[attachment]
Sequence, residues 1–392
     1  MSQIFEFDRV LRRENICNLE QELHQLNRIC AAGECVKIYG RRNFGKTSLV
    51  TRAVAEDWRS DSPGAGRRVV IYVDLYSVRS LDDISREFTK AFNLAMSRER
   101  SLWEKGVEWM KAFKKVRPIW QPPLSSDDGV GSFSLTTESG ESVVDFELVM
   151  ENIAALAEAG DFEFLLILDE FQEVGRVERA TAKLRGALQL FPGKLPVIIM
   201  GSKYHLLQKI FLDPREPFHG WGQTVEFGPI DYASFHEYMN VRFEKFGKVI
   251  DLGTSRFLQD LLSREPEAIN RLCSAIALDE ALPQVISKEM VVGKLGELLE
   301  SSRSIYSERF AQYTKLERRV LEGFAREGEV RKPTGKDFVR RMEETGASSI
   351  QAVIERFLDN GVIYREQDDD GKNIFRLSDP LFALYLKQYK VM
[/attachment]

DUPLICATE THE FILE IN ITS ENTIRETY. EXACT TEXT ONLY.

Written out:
Sequence, residues 1–392
     1  MSQIFEFDRV LRRENICNLE QELHQLNRIC AAGECVKIYG RRNFGKTSLV
    51  TRAVAEDWRS DSPGAGRRVV IYVDLYSVRS LDDISREFTK AFNLAMSRER
   101  SLWEKGVEWM KAFKKVRPIW QPPLSSDDGV GSFSLTTESG ESVVDFELVM
   151  ENIAALAEAG DFEFLLILDE FQEVGRVERA TAKLRGALQL FPGKLPVIIM
   201  GSKYHLLQKI FLDPREPFHG WGQTVEFGPI DYASFHEYMN VRFEKFGKVI
   251  DLGTSRFLQD LLSREPEAIN RLCSAIALDE ALPQVISKEM VVGKLGELLE
   301  SSRSIYSERF AQYTKLERRV LEGFAREGEV RKPTGKDFVR RMEETGASSI
   351  QAVIERFLDN GVIYREQDDD GKNIFRLSDP LFALYLKQYK VM